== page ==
We have been here, the lot of us, wandering through estate sales with bits of masking tape littered across the face of so many things, lamps to trunks, old vacuums to television sets, laughing to ourselves at the prices picked. “$40 for this?!” say we, and scoff, and walk on, forgetting that the lamp we giggle over warmed the night’s darkness for someone real, someone here once, now gone. It’s just stuff though, isn’t it? Just inanimate crap that gets left, and becomes the burden of the executors chosen while faculties remained to do the choosing. To those that kept it, more perhaps, but in the end, just stuff, just bits and bobs to fill the spaces we inhabit, to wear over the skin we were born in.

“I’ve never seen a hearse pulling a uHaul,” my dad always likes to say, though he too has so many things he’s collected along the way. Our memories are in some of them, some of the items that get chosen to remain, but they are ours, in the end. Some may be shared, but that sharing is usually small, isolated between the few. The reality is, when we go, there will be storage units worth of things no one has any idea what to do with, and feels guilty for all the same.

Perhaps then, this is a call for less, a call for the pre-whittling before the going of it all. Perhaps we should give out and give away the excess we have but do not need, perhaps we should reduce the owning down to the functional, or to the truly beautiful and worthy of possession. Less, but more, fewer, but better, maybe this the new mantra we’ve needed longer than we realize. I do not need 10 of a thing, but 2 will do.

It takes loss to understand this, it takes going through it to realize the truth that Chuck got right in Fight Club, that the things you own, end up owning you. We are more than the things, the tchotchkes, the bric-à-brac that hitchhikes its way on the journey we call life. We aren’t the travel trailers filled to brim, we aren’t the estate sale lamps, the antique ironing boards, the typewriters, the pots or pans. Far too often I’ve seen the strife and the angst, the inability to separate the stuff from the soul, and I sadden at this. I’ve seen fights start over bedroom sets, over kitchen chairs, or percentages of land, and I think not of those squabbling, but of those who have left us. I think of their shudder, their shake at the voices raised over such silly things. Perhaps if it was less about the junk, and more about the people, more about the memories made on the adventures taken, less about the souvenirs, there’d be nothing left to fight over, there’d be nothing but a shared stillness, when the going comes of those that go.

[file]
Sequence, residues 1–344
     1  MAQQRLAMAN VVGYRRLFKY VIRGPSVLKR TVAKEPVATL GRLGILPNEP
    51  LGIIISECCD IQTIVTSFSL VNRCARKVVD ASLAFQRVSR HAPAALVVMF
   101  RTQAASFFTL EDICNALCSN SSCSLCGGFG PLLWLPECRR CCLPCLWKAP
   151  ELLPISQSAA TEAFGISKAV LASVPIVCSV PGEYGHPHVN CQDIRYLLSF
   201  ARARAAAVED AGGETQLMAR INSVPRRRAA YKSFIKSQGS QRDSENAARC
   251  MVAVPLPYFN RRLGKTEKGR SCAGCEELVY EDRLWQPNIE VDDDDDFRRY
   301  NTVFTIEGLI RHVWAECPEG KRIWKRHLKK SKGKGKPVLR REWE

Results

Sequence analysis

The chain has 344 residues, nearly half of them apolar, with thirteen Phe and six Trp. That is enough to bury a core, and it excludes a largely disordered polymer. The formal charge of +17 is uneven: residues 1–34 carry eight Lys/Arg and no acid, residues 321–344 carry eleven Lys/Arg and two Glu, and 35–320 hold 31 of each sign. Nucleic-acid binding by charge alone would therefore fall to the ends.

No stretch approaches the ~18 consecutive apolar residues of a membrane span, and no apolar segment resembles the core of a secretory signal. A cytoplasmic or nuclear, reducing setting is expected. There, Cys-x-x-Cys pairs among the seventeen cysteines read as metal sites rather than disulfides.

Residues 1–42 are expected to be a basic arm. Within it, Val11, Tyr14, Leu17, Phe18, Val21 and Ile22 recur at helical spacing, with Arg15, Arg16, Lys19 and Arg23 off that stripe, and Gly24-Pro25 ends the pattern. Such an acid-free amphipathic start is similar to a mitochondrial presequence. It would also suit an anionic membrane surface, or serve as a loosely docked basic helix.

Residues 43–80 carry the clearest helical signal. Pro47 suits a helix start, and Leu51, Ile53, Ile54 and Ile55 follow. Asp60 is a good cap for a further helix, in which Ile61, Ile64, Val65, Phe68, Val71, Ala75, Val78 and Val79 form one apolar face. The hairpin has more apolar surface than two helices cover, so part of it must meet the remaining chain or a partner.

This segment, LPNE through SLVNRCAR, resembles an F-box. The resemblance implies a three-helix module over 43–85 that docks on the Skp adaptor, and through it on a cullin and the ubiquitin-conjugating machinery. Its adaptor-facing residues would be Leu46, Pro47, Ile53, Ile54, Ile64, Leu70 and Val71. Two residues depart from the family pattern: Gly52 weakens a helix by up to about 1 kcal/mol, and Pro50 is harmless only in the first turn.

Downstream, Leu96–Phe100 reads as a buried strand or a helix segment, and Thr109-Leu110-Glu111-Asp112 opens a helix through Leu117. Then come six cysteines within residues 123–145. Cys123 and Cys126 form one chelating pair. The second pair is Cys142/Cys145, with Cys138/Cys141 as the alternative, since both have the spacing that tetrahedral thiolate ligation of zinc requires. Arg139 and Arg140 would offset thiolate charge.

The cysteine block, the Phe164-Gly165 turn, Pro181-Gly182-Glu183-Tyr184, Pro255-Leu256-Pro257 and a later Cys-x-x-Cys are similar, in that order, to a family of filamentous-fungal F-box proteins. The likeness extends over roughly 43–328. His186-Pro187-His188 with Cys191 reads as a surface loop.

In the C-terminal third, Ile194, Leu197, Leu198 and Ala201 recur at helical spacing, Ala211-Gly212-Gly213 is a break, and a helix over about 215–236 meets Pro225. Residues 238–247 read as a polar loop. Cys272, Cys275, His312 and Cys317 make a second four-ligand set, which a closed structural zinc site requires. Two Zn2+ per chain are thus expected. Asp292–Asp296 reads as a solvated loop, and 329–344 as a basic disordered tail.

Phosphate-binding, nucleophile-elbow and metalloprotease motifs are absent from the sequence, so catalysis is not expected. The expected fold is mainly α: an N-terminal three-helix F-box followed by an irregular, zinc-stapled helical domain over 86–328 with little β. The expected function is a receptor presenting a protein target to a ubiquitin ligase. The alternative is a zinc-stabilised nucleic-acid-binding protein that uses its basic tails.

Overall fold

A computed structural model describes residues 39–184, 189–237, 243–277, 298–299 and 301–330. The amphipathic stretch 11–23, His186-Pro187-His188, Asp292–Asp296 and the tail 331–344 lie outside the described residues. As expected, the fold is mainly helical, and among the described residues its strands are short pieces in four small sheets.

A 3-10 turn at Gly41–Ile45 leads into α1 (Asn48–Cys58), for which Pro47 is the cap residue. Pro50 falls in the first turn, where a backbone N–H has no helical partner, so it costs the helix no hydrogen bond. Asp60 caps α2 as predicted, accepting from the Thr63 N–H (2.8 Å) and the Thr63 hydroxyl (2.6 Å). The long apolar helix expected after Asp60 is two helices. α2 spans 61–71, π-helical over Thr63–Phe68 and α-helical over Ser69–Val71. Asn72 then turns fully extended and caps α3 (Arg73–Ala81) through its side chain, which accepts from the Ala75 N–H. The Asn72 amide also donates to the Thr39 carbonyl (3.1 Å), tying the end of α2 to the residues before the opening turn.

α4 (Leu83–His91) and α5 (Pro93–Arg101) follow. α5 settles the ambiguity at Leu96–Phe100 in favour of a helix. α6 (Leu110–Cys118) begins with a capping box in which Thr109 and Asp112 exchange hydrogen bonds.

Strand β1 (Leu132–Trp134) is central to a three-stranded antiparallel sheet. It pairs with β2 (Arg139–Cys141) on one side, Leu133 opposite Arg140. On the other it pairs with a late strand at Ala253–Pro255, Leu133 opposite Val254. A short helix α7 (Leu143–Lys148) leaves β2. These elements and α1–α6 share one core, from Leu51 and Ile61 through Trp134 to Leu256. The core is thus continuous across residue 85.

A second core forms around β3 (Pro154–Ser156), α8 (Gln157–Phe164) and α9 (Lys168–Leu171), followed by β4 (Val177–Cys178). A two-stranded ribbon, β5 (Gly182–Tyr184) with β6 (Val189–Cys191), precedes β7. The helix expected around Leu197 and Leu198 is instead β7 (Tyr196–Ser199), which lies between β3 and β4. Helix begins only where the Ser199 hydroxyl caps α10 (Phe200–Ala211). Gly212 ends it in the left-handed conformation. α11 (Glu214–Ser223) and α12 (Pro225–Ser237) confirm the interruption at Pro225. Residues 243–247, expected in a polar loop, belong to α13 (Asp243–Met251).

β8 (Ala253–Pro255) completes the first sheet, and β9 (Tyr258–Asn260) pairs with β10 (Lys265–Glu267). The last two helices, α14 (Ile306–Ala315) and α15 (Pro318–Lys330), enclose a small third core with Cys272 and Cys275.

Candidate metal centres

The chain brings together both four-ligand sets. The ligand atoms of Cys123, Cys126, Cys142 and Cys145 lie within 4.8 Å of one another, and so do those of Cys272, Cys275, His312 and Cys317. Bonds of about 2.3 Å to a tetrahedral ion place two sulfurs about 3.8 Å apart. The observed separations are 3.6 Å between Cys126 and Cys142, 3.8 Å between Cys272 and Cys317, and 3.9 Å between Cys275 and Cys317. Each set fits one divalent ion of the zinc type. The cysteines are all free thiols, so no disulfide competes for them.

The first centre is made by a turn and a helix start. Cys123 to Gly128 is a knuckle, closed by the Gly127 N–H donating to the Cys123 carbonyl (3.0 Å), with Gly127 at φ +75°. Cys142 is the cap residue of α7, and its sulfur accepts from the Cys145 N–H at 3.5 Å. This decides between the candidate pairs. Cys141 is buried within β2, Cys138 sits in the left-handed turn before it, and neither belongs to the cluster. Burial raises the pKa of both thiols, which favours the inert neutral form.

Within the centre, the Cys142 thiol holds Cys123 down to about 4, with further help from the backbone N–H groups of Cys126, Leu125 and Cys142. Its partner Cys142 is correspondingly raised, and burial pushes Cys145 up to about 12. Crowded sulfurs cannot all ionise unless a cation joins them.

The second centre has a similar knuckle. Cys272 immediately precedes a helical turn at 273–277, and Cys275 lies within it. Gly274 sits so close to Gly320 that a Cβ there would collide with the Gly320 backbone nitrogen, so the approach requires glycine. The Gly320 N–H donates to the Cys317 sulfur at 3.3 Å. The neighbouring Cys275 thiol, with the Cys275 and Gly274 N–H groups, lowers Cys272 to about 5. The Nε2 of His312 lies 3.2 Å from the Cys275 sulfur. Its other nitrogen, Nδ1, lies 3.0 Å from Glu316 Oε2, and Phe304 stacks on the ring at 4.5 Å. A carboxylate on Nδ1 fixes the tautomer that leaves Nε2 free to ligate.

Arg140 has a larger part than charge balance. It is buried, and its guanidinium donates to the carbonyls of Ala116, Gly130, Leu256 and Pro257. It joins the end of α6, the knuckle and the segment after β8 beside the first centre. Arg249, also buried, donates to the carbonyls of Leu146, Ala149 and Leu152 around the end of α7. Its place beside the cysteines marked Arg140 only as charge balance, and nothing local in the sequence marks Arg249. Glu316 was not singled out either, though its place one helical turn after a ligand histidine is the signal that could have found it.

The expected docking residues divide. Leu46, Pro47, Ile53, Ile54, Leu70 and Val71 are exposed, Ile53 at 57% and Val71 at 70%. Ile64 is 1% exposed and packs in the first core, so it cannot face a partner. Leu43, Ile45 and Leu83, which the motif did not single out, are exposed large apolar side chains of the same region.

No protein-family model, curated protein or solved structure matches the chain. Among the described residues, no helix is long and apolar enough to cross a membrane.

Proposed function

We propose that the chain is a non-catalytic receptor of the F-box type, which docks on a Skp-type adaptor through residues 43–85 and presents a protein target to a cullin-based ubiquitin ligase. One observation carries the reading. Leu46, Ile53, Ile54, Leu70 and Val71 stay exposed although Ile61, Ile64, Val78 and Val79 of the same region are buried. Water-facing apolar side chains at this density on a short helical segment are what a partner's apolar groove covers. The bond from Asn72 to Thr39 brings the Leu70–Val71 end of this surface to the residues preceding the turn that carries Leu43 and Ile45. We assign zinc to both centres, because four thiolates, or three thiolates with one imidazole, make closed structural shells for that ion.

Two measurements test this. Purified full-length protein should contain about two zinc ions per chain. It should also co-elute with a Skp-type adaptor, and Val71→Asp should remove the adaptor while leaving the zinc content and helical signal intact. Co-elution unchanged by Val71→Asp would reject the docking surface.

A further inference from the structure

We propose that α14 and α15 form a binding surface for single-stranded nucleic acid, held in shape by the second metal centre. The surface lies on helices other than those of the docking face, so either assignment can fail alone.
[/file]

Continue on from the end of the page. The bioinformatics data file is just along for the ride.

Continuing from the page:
We are more, or we were once and could be again. We aren’t the mountain ranges of purchases, though we’ll leave some behind. Let us start then the whittling, the slimming, the giving away.

Let us start, and surrender only perfect hills, not mountains, let us find the seabed so nearly empty in the wake of our leave.

Mountains left behind,

all that we ever wanted,

but never needed.

Haiku on Life by Tyler Knott Gregson

Song of the Week

Signal Fire by Tyler Knott Gregson
Signal Fire by Tyler Knott Gregson
Tyler Knott Gregson and his weekly "Sunday Edition" of his Signal Fire newsletter. Diving into life, poetry, relationships, sex, human nature, the universe, and all things beautiful.